In the programme Bhim Acharya, a leader of Nepal Communist Party (UML) said, Koshi agreement defies all international norms. Koshi is not at all an agreement, Nepal has been betrayed by India while signing the agreement. He mentioned that Nepal has been cheated in the Koshi agreement done between Nepal and India. It should be reformed andamended.    


Jip Chhiring Lama, a NC leader said, the Sunsari floods are not at all natural, it was in fact a surprise gift to the Nepali citizens by their Indian neighbors. The problem created by Koshi barrage damaged embankment should be resolved with a long term view.

“The Nepalese people must unit to fight against this Indian hegemony. We need to fight to preserve our nationalism and break all the illegally built embankments by the India side along the Nepal-India border”, Lama concluded.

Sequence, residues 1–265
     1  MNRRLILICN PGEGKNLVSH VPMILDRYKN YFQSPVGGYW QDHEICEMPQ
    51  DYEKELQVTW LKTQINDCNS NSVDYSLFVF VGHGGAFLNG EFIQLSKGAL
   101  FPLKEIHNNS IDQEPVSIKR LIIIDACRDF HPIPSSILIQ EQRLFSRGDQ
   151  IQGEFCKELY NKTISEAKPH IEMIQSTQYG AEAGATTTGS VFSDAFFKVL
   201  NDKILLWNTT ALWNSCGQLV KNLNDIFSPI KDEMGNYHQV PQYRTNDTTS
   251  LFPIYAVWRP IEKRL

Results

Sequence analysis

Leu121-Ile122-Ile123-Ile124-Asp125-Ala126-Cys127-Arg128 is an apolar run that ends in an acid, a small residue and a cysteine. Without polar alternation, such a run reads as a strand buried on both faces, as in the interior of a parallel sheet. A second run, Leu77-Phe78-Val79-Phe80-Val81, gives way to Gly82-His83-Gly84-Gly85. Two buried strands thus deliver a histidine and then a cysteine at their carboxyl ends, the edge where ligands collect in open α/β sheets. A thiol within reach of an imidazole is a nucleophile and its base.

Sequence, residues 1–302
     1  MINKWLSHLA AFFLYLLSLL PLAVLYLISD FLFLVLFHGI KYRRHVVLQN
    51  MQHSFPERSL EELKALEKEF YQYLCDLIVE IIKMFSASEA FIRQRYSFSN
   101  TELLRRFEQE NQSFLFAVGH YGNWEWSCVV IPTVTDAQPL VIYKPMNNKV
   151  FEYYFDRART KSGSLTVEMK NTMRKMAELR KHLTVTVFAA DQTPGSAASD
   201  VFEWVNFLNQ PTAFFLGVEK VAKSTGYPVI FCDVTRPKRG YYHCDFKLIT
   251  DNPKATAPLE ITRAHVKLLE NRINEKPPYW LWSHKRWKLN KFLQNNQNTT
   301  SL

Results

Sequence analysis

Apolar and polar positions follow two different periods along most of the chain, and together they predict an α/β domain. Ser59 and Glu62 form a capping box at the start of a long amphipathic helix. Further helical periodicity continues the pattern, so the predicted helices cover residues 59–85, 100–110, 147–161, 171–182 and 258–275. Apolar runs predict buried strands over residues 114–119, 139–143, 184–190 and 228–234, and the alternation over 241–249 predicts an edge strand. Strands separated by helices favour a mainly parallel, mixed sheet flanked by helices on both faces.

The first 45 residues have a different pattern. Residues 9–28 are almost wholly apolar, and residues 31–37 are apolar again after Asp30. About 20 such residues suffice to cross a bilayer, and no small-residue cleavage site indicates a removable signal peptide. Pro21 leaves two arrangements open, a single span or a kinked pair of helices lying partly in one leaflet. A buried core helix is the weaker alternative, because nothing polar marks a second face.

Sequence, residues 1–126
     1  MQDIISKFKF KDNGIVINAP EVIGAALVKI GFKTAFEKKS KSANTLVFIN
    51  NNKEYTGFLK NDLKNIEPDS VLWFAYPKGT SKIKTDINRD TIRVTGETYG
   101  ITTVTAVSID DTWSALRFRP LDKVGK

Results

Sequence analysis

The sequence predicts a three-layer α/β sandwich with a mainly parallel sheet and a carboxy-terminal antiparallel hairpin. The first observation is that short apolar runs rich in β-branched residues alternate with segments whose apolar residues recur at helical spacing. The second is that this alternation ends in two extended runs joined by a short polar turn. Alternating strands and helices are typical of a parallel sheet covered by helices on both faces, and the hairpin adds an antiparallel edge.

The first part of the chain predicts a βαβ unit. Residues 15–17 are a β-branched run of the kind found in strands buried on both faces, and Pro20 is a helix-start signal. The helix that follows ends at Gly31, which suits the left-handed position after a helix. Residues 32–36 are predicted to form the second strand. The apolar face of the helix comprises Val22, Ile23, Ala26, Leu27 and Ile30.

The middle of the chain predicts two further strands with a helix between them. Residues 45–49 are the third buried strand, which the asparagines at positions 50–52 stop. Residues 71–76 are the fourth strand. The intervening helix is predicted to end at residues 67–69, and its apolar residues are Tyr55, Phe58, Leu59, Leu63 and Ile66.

(Source: Gorkhapatra Daily and Telegraph Weekly, 2008-08-23)

















Licentiate Surveyor System in Nepal



Licentiate Surveyor System in Nepal


Buddhi Narayan Shrestha

Former Director General


Himalayan Democratic Republic of Nepal entered into licentiate surveyor system on 4 February 2008. Nepal Government Survey Department provided “Surveying & Mapping License” for the first time to twenty seven legible Surveyors amidst a function. So this is a historic event for the land surveyors of Nepal and land-mark for the Department of Surveys as well.